The flying report and video will be after the build and set up sections of this article.
It's been a tough year for Yaks. I destroyed a Russian Thunder Yak EXP simply by getting too crazy with it (certainly not the plane's fault), and then I killed a brand new red splinter scheme Yak just trimming it out for high speed. I was so focused on the plane that I never saw the ground coming. They were both stupid crashes, but thankfully I was able to acquire one in each scheme in time for my annual October build fest.
I did kill a couple of these, but it was a valuable learning experience, plus I got to build some more of them, which is always great. I learned enough from flying the last one that I think this could eventually become an equal favorite with the other EXPs, but first we need some more stick time.
All of my Yak EXP kits have come out of the box looking nearly perfect. The factory really stepped it up this year as far as making beautiful builds and these Yaks are something else. I usually spend a lot of time getting the covering right, but on these Yaks, as well as the Edge EXPs I have built recently, there was very little to do except iron down a few seams.
The Yak features many of the newer build techniques found in the Laser, such as angled motor box, and wing panels that recess into the fuselage sides. Composite usage is reduced from earlier EXPs, because it was an expense that wasn't needed.
For example, the angled motor box is much stronger than the older version that was supported by carbon rods. As you can see, you still have plenty of room for getting the battery in and out of the plane, and this is without sacrificing any strength.
The actual landing gear (LG) block is still G10 composite, though it is reduced in size, and the block itself is now reinforced to the formers with triangle shaped longerons running side to side. The composites were reduced to save money, but the strength was retained with superior engineering.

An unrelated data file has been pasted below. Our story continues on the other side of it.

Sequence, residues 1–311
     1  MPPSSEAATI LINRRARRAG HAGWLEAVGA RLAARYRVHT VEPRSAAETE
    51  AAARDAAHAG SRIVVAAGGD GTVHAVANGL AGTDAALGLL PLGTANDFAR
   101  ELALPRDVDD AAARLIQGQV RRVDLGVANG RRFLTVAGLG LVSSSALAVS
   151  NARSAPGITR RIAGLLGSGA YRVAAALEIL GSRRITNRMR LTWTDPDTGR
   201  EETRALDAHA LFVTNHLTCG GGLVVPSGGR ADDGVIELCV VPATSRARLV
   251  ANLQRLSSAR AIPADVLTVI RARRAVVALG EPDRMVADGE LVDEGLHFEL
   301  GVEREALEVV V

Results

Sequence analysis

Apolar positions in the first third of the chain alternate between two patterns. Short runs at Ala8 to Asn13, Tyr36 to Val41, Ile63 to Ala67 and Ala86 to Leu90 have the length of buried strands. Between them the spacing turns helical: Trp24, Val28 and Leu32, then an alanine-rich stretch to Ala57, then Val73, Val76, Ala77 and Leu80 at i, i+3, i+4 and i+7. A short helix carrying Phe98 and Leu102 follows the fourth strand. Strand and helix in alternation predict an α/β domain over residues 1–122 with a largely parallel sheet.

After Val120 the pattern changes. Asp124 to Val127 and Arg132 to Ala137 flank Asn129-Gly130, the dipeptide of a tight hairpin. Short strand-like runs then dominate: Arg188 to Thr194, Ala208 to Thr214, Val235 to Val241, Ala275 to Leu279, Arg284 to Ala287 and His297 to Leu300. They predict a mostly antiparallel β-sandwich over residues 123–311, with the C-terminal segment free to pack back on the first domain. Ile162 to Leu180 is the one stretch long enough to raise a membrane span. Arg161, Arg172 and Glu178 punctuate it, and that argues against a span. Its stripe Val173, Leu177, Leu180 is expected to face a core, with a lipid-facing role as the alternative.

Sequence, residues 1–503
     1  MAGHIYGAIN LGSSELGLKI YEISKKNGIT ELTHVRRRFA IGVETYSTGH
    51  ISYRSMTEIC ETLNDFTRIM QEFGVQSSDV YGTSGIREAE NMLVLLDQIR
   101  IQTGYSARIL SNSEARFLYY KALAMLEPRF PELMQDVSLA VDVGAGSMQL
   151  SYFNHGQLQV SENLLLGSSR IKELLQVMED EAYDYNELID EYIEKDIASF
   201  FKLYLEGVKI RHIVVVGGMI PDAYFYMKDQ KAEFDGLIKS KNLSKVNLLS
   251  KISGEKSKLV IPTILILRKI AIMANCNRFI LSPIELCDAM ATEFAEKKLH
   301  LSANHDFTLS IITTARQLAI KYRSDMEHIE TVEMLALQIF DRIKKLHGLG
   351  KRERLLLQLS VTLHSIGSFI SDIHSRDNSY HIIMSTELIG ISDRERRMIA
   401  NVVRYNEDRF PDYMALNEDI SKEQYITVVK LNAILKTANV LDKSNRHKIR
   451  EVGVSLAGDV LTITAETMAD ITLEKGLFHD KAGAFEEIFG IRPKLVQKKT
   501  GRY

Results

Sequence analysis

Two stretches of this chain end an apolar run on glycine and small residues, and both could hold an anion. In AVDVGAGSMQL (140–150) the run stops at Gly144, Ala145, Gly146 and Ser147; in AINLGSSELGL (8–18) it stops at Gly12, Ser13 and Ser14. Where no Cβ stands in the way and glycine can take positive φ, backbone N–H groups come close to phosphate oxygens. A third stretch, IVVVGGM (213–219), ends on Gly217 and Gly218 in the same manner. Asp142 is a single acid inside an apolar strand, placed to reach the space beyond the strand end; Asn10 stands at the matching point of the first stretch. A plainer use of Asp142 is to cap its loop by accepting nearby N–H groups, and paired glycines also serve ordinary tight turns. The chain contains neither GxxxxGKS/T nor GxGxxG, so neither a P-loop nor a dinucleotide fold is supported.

The Yak still has some carbon, and it's in the bottom of the fuse, running full length from the LG block all the way to the servos in the tail. This is one area that carbon is very useful because it makes the bottom of the fuselage very stiff without adding unnecessary weight.
Of course, the Yak uses the same hardware pack as the rest of the 48" lineup (though the MXS has a longer rudder pushrod), which means smooth, drag free ball link hardware, lightweight axles, and Extreme Flight's exclusive tail wheel assembly. It's all first class stuff and it's nice that you only need a handful of spares to cover the entire fleet.
The carbon gear leg is a bit different, though. It's much longer, with much better ground clearance, suggesting that perhaps the Yak was meant for a bigger propeller. I keep hoping we will get a Torque that will spin a 14" prop. Right now The Boss is in China, so let's see what he has for us when he gets back.
Every October I like to build out in the garage with the doors and windows open so I can enjoy the beautiful Autumn climate. In Florida, by the time September rolls around, everyone is desperate for it to cool off even if just a little, but it is usually Mid Oct before it gets really nice. Since I have a good supply of the other EXPs built up, now was a good time to tighten up the Yak fleet.
One of the things I love most about the EXP series is how well the radio installation is already thought out for you. The receiver mounts where all you need is a single 3" extension on each aileron and they plug in with just the right amount of slack. There are holes on the corners of the former to run the wires through and this keeps them from slapping around too much. Also, any extra extension wire from the servos in the back can be pushed back into the tail and it generally stays there, giving you a very, very neat installation.
That sure is a pretty battery!
I saved myself a lot of time on this plane by removing the servos from the old plane with the push rods attached. I unbolted the ball link from the control arm and lifted the whole assembly out as one unit, then dropped it into the new plane. On all surfaces, it only took a turn or two on each servo arm, which I think is a remarkable tolerance on something that is built from wood.
I also didn't have to monkey around with servo extensions because they were already done. The power system was already set up and bullet connectors heat shrunk, so that saved some work too.
The tail wheel assembly was undamaged in the last crash, so all I had to do was bolt it on. I like to file flat spots on the wires where the grub nuts secure the tiller arm and wheel collars. This gives the nut a larger flat surface to bite into, and keeps the tail wheel wire straight. It's also a lot less likely that the tail wheel will fall off!